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 Post subject: Farmers flee conscription
 Post Posted: Sun Apr 23, 2006 3:05 am 
LTTE prepares for war?
Farmers flee conscription -leave harvest behind them

@ ST /23APR2006

Paddy farmers in the villages near Valaichchenai were looking forward to a bountiful harvest two weeks ago. The fields were literally golden brown. Paddy plants were heavy with their ears and bent with the weight.

Forty one year old Seeni Sellathamby and his wife Thambimuthu Parameshwari (35) were readying themselves for the harvest. That meant money in their hands. They were thinking of the education of their children, Niranjani (10), Thawaseelan (8) and one year old Thangeswari.

When Sellathamby and Parameshwary stepped into their paddy field, they did not realise they had offended the local leaders of the Liberation Tigers of Tamil Eelam (LTTE) just two days before. The family had been told to take part in military training for civilians. Sellathamby learnt that at the training session, those between the ages of 18 and 48 had been conscripted to a civilian militia. Yet he had ignored the call.

Harvesting got under way one morning. The husband and wife together with helpers were busy with their sickles harvesting and piling the produce. It was around 4 p.m. that day when a Muslim farmer from a neighbouring property tipped off Sellathamby that LTTE hit squads were coming in search of him and his family. “I feared they would kill us for disobeying them,” he told The Sunday Times.

He added “soon the news that the LTTE gangs were hunting for me and my family had reached the village. My children came running to the paddy field to give us the bad news. All of us hid in the jungle nearby for the night. We could hardly sleep. Even the smallest noise caused fear. We thought they would come for us.”

The next morning, a youth from the village came to our hideout. He told us that armed LTTE groups have been looking for us in the villages. “They shouted aloud my name and that of my family. They had even gone to the house where I stayed. They have later remarked angrily that they would deal with me,” Sellathamby said.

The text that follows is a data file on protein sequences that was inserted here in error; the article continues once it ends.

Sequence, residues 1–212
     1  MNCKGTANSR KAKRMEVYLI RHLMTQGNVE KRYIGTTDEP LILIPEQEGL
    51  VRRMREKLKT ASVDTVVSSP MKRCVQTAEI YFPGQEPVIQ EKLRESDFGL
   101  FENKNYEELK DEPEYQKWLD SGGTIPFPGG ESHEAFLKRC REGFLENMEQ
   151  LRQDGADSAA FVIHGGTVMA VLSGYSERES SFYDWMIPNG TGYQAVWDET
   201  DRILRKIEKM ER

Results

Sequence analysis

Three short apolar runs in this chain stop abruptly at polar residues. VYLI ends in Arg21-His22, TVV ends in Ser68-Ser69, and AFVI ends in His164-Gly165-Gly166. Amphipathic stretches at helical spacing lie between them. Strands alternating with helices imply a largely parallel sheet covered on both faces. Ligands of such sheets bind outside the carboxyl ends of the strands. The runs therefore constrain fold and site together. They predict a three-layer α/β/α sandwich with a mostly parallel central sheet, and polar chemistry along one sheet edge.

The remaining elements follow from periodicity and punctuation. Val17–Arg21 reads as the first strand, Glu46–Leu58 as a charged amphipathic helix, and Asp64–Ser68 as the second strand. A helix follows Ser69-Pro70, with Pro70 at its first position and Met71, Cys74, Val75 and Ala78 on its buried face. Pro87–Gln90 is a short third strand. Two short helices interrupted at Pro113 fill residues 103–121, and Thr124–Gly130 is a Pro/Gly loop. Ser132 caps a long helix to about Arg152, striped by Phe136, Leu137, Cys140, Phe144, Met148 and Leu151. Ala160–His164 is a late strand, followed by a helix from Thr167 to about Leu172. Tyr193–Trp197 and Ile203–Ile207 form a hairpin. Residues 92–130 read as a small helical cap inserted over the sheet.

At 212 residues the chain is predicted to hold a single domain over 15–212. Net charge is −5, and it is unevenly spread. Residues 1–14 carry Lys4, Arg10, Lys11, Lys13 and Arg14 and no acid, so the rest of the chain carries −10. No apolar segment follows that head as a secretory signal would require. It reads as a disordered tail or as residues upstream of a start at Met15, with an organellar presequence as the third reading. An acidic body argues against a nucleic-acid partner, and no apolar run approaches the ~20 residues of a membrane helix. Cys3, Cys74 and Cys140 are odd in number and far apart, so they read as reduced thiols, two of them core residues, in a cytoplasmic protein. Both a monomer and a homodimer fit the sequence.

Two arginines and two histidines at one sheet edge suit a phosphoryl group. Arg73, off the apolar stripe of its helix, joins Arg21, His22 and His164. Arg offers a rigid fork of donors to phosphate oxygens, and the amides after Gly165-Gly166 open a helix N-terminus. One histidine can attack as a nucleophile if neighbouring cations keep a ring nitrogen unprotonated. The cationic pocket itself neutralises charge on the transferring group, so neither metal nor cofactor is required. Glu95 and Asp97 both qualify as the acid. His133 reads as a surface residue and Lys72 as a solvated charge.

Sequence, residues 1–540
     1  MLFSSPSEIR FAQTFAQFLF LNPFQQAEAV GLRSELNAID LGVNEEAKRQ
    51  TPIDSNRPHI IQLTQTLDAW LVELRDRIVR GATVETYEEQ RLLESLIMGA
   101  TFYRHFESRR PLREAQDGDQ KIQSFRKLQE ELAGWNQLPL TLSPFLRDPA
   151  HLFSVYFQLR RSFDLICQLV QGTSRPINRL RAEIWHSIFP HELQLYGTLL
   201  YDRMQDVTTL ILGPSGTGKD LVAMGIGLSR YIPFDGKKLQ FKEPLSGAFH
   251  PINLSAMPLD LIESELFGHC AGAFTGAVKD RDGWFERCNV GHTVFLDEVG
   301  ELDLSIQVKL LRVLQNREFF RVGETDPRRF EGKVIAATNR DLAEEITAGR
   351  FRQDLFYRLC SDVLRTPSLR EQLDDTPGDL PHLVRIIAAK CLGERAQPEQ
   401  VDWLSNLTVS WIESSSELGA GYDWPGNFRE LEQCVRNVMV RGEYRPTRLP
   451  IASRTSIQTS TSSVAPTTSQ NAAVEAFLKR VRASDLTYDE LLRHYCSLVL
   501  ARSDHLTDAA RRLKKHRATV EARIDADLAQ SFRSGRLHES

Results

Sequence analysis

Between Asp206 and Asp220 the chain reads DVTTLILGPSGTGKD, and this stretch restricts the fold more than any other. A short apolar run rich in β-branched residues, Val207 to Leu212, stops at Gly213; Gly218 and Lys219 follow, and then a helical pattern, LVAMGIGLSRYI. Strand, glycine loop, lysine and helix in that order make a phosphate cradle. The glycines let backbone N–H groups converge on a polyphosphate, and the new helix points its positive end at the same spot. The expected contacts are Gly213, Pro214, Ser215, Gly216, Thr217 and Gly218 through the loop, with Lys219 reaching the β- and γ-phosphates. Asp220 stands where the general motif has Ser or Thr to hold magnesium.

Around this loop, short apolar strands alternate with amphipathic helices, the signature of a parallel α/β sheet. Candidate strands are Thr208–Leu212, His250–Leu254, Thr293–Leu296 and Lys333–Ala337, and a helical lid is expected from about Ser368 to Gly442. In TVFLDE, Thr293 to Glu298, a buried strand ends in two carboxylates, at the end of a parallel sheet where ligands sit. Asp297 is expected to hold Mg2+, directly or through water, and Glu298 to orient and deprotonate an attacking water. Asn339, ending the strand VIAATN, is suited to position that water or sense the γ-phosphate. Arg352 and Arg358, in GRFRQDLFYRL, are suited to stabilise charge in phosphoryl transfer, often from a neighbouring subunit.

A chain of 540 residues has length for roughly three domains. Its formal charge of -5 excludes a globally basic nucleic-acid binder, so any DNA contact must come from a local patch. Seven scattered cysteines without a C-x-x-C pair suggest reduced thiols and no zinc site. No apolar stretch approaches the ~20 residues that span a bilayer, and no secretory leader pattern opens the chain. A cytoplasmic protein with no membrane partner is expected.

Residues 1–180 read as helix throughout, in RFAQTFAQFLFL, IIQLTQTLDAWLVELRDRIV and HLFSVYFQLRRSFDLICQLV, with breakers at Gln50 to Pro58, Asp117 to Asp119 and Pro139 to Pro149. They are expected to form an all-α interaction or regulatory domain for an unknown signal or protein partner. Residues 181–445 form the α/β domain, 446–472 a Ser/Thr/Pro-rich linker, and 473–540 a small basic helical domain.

He said he had told the youth that he was not feeling well and would enter hospital. Thereafter, he and his family members trekked the jungles to reach the Batticaloa–Colombo highway. The Welikanda Police who met the family had inquired as to what happened. Upon learning their travails and the fact that they had no money to travel, they were told to stay at the Karuppola village. The next day Police helped the family lodge a complaint with the Sri Lanka Monitoring Mission (SLMM). That was the fate that befell Sellathamby who was from the village of Minimiththaveli (near Vakaneri) in the Valaichchenai area.

This family was not the only one affected. Another fellow villager Sinnathamby Selvamanikkam (34) and wife Maheswari (33) faced the same problem. They had four children – Shashiharan (12), Thawaseelan (8), Sathyaseelan (6) and Khosikan (2).

Selvamanikkam told The Sunday Times “a group of armed LTTE members ordered us to come for training. We refused. We said the harvesting season was on. Two or three days later they came again. This time some of the villagers who had joined for military training accompanied them. We thought they had come to take us all.

“Though we were not taken away, the next day armed LTTE groups had arrived at the village in three tractors with trailers attached. Some of the villagers were taken from the paddy fields. A Muslim farmer came to my house and told me to hide since we were to be taken. We went into hiding and later learnt the LTTE had looked for us.”

There were several families that joined Selvamanikkam’s family and hid in the jungle. “We stayed there for three days. We walked through the jungle. A fish vendor whom we met near a road told us to proceed until we came to a village. We were both hungry and thirsty. At the village near a road a bus arrived. We boarded the bus though we were unaware where it was going. This was out of fear that the LTTE would track us down,” Selvamanikkam said.
He said his family arrived at another village and hid near a shop.
At this point a villager came and helped them by escorting them to the local SLMM office, he said.

“We lodged a complaint. Later, we went to the Welikanda Police Station. It was around midnight when we were given food. We ate very well,” he said. The next day, the males and females were separated. Tents were provided by the Police for them to stay. Since the encounter, these paddy farmers have not only lost their cultivated paddy fields but also their homes. They now live under tents thanks to the munificence of the Police.

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